L’âme d’une fleur parle au cœur d’une femme

maison_givernyFor the past few blog posts, I’ve been writing about a trip to Nancy before my summer job begins. Now it’s possible that quite a different opportunity might be unfolding. This is the seventieth anniversary of the Allied offensive to liberate France. My mother’s brother died on August 19, 1944 in the Battle for the Seine. He was only 21 years old. He’s buried in a cemetery in the village of Putot-en-Auge. His story has become important folklore in our family. My parents, my oldest brother, and I are going to try to make it to see where he fought, died, and is buried. Plans are still shifting from day to day, and we may not be able to pull this off, but this is the possible plan. Even if we can’t make it work with the tight time parameters we’re working with, we can try again next year. This anniversary is only symbolic, after all.

  • Day 1: Paris to Giverny
  • Day 2: Caen
  • Day 3: Putot-en-Auge
  • Day 4: Honfleur
  • Day 5: back to Paris

giverny20bridge1Here’s the detailed plan for Day 1: We’ll head north-west from Paris to Giverny, where Claude Monet moved in 1883. His former home is decorated as it was when he lived there, including large-scale reproductions of many of his most famous paintings. Of course, his garden is the real star. He tended thousands and thousands of flowers and the pond with the Japanese bridge and lily pads attracts tourists from around the world. My mom loves flowers, so this is a natural first stop. French writer As Victor Hugo said, “L’âme d’une fleur parle au cœur d’une femme,” (lam doon flur parl owe kur doon fam), which means “The soul of a flower speaks to the heart of a woman.”

Giverny-Limpresionisme-et-les-americainsA few hundred yards down the road is the musée des Impressionismes, formerly known as the musée d’Art américain. Their current exhibit is L’Impressionisme et les Américains, featuring eighty works by painters such as Mary Cassat, John Singer Sargent, and James Whistler and the scenes of Giverny, Paris, and various American cities.

hotel devreuxWhen I came here with my daughter a number of years ago, we stayed at L’Hôtel d’Évreux in the little town of Vernon, a couple of miles away from Giverny (11 place d’Évreux Vernon, 27200 T. 02.32.21.16.12 F. 02.32.21.32.73). It’s in an old inn that looks a little rustic, but the restaurant downstairs is quite wonderful. The town of Vernon itself is quaint with several tempting antique shops in tiny, half-timbered houses and pretty river views.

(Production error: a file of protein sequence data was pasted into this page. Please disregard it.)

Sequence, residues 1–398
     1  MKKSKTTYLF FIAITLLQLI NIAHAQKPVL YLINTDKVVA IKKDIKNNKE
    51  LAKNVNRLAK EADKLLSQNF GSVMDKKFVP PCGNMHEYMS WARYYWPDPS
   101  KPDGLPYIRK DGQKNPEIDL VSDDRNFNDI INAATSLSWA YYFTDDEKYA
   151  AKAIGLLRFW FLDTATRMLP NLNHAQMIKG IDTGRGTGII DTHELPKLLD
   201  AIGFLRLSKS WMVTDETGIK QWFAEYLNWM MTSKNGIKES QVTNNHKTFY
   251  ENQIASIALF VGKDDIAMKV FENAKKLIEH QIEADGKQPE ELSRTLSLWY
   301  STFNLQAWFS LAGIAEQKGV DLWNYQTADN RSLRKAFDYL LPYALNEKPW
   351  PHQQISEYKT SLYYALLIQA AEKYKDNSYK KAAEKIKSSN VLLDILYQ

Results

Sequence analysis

Vernon_-_Colombages01I’ll continue with the itinerary in subsequent posts – if, that is, it looks like it’ll actually come together!

61xuaNEB1uL__SL75_Monet’s Garden: Through the Seasons at Giverny

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About Patricia Gilbert

Patricia Gilbert is a French teacher. She's Canadian, lives in the United States, but dreams of living in France. Follow her on Instagram @Onequalitythefinest and on Twitter @1qualthefinest.
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2 Responses to L’âme d’une fleur parle au cœur d’une femme

  1. Ellen A. says:

    That would be a very memorable trip to make with your Mom, either this year or next. God bless her and your uncle for his sacrifice. They are the “greatest generation.” We had visited the D-Day beaches and cemeteries on several occasions before, but when we visited on D-Day in 2008, we were stunned and amazed to see dozens of Brits, French and others dressed in period GI uniforms and driving restored jeeps along the coastal roads! My Dad was a WWII vet (although he fought in Eastern France and made it home), so seeing those soldiers come to life brought tears to my eyes. Profoundly moving. Apparently this is quite a popular thing for the history buffs, but I had never heard of it. The French “GIs” were very kind and respectful. One of the costumed Brits staying at the same B&B with our family let our daughter and her friend sit in his jeep for photos. Lucky for us, they were still too young to drive!

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